For the past several years I have been working with my colleague Henry Fricke (Colorado College) on an NSF-funded collaborative project
investigating carbon and oxygen isotope ratios of vertebrate fossil remains from the Late Cretaceous of North America.
The goal is to reconstruct aspects of terrestrial ecology, hydrology, and climate using isotopic data. Because interpretations
of isotopic data can be somewhat ambiguous in the absence of contextual information (e.g., accurate facies associations),
detailed stratigraphic, sedimentological, and taphonomic analyses of sampled localities were conducted. My major emphasis was the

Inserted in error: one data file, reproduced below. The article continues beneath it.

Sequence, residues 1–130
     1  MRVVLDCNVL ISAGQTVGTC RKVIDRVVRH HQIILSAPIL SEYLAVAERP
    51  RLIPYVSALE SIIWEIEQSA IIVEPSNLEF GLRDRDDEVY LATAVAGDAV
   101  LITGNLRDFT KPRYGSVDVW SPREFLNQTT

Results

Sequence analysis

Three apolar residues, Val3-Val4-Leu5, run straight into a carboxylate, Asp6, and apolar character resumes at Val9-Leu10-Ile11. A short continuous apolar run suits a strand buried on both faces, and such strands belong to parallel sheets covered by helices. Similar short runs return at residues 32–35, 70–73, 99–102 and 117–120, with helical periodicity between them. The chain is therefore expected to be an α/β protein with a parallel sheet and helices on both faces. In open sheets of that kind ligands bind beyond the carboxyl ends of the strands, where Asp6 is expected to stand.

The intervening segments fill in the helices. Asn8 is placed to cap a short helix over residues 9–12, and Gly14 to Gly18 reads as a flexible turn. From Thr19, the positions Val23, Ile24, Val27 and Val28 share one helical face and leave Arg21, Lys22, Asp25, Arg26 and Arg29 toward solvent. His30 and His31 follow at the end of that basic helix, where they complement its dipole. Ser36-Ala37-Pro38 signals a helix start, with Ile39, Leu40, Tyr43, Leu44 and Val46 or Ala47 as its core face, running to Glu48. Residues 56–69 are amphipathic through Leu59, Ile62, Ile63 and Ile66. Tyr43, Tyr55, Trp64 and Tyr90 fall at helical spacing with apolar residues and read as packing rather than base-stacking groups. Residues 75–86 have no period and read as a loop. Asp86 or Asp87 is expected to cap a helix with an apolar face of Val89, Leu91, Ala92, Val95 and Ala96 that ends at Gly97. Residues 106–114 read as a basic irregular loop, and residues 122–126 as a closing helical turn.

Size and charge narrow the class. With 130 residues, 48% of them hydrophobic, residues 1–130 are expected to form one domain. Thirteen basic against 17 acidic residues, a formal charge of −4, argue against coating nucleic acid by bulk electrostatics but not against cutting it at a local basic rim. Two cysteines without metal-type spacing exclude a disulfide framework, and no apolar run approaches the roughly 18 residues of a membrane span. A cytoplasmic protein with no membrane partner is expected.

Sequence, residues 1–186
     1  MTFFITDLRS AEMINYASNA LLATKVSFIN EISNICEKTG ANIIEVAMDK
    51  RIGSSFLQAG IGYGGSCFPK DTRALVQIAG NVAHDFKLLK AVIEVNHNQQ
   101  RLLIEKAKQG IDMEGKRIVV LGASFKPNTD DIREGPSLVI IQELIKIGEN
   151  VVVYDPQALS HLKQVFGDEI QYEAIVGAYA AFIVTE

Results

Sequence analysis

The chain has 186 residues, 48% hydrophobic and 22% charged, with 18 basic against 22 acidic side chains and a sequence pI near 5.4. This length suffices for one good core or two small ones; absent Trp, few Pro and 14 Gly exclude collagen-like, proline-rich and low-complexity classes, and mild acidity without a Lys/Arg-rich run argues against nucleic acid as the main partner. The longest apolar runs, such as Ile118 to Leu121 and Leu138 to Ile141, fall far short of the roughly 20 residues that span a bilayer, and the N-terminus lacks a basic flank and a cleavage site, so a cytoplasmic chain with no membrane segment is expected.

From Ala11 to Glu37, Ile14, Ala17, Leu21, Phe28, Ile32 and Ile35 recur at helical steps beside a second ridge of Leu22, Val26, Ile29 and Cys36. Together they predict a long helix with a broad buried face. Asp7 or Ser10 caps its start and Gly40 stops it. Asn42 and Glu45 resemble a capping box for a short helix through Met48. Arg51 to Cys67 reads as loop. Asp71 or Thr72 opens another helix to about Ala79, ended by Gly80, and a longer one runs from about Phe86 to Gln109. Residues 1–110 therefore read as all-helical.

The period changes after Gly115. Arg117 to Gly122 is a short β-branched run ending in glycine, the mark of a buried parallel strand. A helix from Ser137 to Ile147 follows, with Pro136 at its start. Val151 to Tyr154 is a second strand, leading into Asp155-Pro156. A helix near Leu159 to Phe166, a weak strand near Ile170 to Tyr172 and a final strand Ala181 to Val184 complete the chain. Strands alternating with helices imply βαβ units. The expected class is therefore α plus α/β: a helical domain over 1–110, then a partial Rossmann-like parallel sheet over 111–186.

characterization of the diagenetic histories of the vertebrate fossils under study. To this end, my students and I, along with Henry
and Alan Koenig of the USGS (Denver), have analyzed hundreds of fossil bones and teeth from microfossil bonebeds in the Two
Medicine and Judith River Formations in order to characterize (1) authigenic cementation histories, and (2) REE patterns (using LA-ICP-MS).
To date five students (Chris Dwyer, Josephine Williams, Cara Harwood, Robin Canavan, Rachel Murray) have completed senior theses related to this research
(see student research page for more information